June 13, 1986

Wagner’s Depths Explored

The Flying Dutchman by Richard Wagner; director Bernd Benthaak; with the Adelaide Symphony Orchestra. conducted by John Matheson; at the Opera Theatre. Adelaide, until June 21. Cast: Malcolm Donnelly, Beverley Bergen, Arend Baumann and Thomas Edmonds.

Commentators have often been swift to chide and slow to bless The Flying Dutchman when comparing it to the consummate accomplishment of Wagner’s later work.

Certainly its mechanical division between aria, recitative and ensemble is typical of operatic form which Wagner himself was later to overhaul and redefine.

Writers such as Ernest Newman have bemoaned The Flying Dutchman’s “unimpressive stretches of unmusical declamation” while others have remarked that it lacks the “endless melody” of The Ring and Tristan.

There are a few worries with the narrative as well. Wagner’s inspirations for the opera appear to have been various – he had read Heine’s version of the story but appears to have rendered the tale more earnestly, perhaps in partial identification with the luckless Dutchman.

By the age of 30 Wagner had been pushed from pillar to post in his bid for recognition and reliable patronage. He was homesick for Germany and most significantly he began to cleave to the romantic theme that became a hallmark in his work – redemption through the constancy of a woman’s love.

It takes a nimble interpretation to steer through the potential silliness of this particular exemplum of salvation through love, because Wagner has not made crucial details sufficiently clear.

Senta’s motivation in devoting herself to the Dutchman is hazy to say the least and the uncertain status of her betrothal to the flabbergasted Erik further complicates things.

Also, while no one expects consistency in operatic plots, it is hard not to think that her father Daland is rather obtuse in failing to recognise the Dutchman from the full-length portrait he has in his own living room.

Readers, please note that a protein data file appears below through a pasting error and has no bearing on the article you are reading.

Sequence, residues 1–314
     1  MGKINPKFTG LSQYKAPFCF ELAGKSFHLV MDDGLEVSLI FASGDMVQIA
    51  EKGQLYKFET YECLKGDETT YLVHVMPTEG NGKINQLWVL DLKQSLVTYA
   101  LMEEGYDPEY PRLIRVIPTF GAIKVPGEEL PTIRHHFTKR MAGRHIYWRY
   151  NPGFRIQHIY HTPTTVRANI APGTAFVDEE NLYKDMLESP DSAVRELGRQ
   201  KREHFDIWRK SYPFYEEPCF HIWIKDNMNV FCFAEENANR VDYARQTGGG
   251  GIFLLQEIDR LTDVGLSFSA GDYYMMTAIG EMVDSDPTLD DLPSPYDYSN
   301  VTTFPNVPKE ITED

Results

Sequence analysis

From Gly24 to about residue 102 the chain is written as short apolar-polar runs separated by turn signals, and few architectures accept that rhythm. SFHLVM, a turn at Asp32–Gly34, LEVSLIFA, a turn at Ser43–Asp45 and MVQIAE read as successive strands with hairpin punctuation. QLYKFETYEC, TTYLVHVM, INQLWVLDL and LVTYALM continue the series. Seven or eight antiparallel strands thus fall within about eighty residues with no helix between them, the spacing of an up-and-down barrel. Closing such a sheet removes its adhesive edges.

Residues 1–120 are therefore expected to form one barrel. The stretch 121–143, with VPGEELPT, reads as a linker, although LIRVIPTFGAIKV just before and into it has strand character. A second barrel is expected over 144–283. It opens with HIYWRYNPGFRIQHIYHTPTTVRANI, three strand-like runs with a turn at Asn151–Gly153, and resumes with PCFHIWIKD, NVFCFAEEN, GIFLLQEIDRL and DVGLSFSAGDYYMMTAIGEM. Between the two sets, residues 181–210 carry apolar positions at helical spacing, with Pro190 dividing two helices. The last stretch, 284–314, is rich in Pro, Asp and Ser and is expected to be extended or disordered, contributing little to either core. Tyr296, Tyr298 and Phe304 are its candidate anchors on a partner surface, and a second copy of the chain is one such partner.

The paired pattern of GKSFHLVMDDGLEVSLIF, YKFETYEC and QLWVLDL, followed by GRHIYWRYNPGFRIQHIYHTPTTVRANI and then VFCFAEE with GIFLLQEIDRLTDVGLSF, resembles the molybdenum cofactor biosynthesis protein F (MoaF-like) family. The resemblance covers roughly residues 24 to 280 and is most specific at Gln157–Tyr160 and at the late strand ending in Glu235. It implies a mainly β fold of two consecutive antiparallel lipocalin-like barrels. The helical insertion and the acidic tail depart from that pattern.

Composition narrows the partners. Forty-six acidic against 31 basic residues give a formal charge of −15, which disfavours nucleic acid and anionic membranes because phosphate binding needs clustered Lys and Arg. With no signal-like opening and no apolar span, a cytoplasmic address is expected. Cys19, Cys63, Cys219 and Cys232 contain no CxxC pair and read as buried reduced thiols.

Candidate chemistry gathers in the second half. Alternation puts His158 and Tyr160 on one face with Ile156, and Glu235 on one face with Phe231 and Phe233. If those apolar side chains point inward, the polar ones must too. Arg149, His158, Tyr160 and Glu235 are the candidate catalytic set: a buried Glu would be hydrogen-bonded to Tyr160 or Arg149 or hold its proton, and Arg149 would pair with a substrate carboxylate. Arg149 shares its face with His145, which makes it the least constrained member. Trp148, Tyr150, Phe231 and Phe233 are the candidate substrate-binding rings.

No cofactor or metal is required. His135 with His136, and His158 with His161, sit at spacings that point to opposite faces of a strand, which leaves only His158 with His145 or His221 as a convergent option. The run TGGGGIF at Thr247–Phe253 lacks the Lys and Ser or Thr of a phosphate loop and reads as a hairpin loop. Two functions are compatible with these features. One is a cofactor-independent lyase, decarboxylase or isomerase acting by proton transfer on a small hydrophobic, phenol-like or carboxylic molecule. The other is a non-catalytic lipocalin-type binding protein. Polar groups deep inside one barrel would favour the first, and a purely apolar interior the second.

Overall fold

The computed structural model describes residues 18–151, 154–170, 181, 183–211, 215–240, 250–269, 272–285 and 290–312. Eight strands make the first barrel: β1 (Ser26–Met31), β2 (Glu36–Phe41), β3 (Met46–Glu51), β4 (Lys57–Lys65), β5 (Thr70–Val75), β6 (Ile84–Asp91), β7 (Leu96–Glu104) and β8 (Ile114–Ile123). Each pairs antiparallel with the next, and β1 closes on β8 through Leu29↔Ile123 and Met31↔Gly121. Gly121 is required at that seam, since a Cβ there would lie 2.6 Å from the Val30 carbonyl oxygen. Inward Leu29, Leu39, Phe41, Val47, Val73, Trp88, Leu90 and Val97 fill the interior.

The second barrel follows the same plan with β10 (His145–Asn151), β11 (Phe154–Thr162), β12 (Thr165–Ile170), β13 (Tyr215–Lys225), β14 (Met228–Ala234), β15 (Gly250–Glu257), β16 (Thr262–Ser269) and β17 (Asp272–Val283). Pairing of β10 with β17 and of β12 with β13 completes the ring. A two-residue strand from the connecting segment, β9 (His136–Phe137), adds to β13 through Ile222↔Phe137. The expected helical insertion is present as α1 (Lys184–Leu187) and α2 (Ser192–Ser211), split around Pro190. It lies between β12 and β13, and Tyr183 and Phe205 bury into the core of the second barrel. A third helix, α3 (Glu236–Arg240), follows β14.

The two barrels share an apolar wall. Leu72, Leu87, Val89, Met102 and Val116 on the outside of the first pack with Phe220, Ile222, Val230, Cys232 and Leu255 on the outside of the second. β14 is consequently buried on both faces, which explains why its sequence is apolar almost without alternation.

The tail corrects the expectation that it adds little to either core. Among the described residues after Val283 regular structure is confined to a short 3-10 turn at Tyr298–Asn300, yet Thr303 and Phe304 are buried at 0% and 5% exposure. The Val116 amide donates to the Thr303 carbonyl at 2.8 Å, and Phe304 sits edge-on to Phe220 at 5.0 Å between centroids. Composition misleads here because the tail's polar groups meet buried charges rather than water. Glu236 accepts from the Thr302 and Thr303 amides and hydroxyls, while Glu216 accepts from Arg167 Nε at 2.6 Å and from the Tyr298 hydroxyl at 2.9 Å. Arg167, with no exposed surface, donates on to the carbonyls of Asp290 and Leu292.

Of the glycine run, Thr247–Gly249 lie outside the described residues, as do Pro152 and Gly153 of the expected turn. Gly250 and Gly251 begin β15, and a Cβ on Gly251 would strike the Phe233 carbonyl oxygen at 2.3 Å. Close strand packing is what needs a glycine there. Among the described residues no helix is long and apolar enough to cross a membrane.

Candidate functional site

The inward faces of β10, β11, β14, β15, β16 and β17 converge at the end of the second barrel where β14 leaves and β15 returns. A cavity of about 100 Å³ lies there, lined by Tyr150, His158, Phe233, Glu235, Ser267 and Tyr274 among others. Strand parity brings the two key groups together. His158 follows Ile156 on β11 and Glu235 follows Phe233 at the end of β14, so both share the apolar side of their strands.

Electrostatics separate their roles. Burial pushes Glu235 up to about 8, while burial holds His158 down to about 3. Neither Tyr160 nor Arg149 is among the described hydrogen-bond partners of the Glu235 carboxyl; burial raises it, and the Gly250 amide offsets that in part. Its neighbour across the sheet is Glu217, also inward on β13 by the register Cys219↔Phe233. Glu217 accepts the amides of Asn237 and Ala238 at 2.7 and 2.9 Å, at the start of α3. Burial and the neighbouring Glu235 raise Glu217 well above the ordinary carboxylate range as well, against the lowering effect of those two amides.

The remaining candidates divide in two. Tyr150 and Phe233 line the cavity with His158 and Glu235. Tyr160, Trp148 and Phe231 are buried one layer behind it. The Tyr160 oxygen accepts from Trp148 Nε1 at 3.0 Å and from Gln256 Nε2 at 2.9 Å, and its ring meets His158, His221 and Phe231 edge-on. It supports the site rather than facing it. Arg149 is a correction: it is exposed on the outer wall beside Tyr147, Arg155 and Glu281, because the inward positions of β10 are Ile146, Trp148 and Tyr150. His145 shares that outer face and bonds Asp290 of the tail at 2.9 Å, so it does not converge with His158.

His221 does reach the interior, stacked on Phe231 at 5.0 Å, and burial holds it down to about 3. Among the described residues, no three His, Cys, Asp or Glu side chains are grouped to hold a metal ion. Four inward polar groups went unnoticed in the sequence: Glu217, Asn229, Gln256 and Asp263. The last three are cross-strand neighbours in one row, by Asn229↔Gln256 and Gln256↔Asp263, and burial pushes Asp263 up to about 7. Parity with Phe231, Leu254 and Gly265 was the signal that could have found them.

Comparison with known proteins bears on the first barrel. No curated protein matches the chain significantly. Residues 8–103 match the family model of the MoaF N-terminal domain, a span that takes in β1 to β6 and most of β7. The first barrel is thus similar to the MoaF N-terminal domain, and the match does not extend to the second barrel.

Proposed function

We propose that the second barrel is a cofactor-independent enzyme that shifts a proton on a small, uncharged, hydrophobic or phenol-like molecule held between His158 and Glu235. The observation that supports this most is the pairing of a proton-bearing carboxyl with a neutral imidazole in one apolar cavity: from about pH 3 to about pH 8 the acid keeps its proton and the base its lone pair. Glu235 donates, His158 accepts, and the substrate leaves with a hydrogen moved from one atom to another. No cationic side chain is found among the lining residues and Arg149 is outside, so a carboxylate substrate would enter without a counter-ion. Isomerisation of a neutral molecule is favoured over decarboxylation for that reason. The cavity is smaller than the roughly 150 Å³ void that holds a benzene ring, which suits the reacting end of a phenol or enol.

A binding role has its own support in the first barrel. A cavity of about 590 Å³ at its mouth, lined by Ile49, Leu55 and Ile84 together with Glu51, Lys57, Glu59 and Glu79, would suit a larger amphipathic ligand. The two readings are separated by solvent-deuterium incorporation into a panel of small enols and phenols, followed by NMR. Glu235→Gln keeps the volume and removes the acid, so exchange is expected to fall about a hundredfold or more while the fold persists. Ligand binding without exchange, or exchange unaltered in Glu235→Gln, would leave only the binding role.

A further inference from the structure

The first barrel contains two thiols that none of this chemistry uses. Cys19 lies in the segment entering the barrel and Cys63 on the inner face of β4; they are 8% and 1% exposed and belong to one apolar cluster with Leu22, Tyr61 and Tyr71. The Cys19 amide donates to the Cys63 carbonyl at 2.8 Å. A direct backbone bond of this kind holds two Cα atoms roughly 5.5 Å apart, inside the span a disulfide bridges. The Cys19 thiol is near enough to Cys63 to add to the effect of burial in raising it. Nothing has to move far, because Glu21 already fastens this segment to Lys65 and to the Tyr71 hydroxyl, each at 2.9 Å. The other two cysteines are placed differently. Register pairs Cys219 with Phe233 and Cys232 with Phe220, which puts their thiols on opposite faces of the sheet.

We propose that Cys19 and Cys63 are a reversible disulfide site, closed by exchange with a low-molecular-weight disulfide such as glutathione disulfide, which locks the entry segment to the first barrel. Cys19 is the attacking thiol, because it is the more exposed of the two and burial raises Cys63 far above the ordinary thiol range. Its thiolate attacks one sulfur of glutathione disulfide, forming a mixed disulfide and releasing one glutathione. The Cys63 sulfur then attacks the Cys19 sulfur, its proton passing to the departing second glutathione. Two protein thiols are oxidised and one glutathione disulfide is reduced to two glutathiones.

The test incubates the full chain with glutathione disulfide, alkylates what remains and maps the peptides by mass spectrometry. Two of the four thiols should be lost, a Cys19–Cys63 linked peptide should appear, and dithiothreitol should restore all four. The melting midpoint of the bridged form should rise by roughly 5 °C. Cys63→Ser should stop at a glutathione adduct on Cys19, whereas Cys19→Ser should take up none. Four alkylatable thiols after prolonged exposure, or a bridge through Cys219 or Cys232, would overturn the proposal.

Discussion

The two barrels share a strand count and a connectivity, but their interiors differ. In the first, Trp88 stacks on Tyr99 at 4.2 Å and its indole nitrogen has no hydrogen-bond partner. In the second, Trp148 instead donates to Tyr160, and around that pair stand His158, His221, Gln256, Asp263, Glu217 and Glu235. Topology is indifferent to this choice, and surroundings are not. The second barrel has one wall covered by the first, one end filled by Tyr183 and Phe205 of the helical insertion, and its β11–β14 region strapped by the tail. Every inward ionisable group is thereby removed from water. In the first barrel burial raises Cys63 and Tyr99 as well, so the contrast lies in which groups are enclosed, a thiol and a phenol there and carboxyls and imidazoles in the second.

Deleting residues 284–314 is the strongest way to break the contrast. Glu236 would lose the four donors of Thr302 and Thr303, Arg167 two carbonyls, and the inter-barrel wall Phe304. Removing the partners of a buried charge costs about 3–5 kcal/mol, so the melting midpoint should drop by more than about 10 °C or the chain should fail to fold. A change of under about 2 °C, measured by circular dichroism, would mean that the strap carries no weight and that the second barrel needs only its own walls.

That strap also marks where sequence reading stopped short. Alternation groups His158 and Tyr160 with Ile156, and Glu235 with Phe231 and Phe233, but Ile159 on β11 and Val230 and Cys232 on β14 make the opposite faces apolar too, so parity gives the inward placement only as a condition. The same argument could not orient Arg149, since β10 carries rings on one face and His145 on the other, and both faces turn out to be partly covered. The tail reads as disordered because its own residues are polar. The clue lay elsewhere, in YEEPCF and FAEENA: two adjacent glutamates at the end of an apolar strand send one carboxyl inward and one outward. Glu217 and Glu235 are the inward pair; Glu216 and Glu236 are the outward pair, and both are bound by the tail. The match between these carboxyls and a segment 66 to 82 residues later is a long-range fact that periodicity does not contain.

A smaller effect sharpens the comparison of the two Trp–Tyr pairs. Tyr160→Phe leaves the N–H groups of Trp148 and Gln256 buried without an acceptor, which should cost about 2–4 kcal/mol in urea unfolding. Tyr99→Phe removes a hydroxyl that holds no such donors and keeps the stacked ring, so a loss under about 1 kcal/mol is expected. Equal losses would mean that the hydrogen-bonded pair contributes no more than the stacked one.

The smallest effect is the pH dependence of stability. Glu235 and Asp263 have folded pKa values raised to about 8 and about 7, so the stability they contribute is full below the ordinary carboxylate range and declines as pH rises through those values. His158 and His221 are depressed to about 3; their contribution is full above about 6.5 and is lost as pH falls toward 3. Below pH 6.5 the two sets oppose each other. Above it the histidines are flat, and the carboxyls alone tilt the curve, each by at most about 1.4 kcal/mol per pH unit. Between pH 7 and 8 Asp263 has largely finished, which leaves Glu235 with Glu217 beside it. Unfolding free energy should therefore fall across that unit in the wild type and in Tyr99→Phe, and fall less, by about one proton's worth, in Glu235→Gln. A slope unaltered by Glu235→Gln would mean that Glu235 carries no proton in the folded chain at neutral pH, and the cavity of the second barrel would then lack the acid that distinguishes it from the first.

Nevertheless The Flying Dutchman is full of splendid set pieces which Benthaak’s production does much to highlight.

The Adelaide Symphony Orchestra under John Matheson extracts all of the colour and sense of portent from the overture that one could wish for and Geoffrey Harris’ fluent Steersman’s song is one of the real pleasures in Act I.

Baritone Malcolm Donnelly, while looking more like a prosperous grocer than a gaunt and spectral seafarer, nevertheless brings a gravity and assurance to his performance which unfortunately is not always matched by Arend Baumann’s often fluttered bass as Daland.

Ken Wilby and Mark Thompson’s ambitious designs are cumbersome, with Daland’s ship in perilously close proximity to the Dutchman’s but their massive scale and the murky lighting successfully compound the sense of a ghastly dream evoked by the music in Act 1.

The Spinning Chorus in Act II (like the sailors’ chorus later) offers some of the best chorus work heard in State Opera productions in recent years.

Wilby and Thompson’s costume designs in browns, fawns and cream are particularly effective. The set however is more cluttered Vermeer than Norwegian maritime.

Beverley Bergen’s Senta is a mixed success. Her aria declaring her devotion to the Dutchman and vowing to break the curse upon him begins strikingly as she moves from frozen tableau into passionate conviction. But, as the intensity increases, her facility diminishes and her performance becomes uncomfortably strained.

Act III brings all of the composer’s haunting motifs together with the garbled threads of his narrative.

The set made up of iron scaffolding and lead-lined windows depicts a dockside warehouse which enhances the eeriness of Senta’s conflict as she gives the heave-ho ·to earthly Erik and prepares to heave to with the other-worldly Hollander.

The trio with Senta on an iron staircase drawn by the beguiling voices of Donnelly and Edmonds is so compelling in its visual symmetry and thematic simplicity that we are not prepared for Benthaak’s truncated ending.

While Wagner’s idea of the transfiguration of the two lovers, after Senta has leapt from a cliff top to be with the Dutchman, is likely to be problematic for modern audiences, Benthaak short-circuits the work completely with Senta’s abrupt and banal suicide.

The audience is thus refused the resolving gratification of Wagner’s closing themes.

After all, by this stage we have waded too far into Wagnerian waters to be content with anything too existentially downbeat.

Nevertheless, Benthaak ‘s production of The Flying Dutchman is a memorable and satisfying one and the State Opera celebrates its 10th anniversary season with a distinguished performance.

The National Times, June 13, 1986, p.31.

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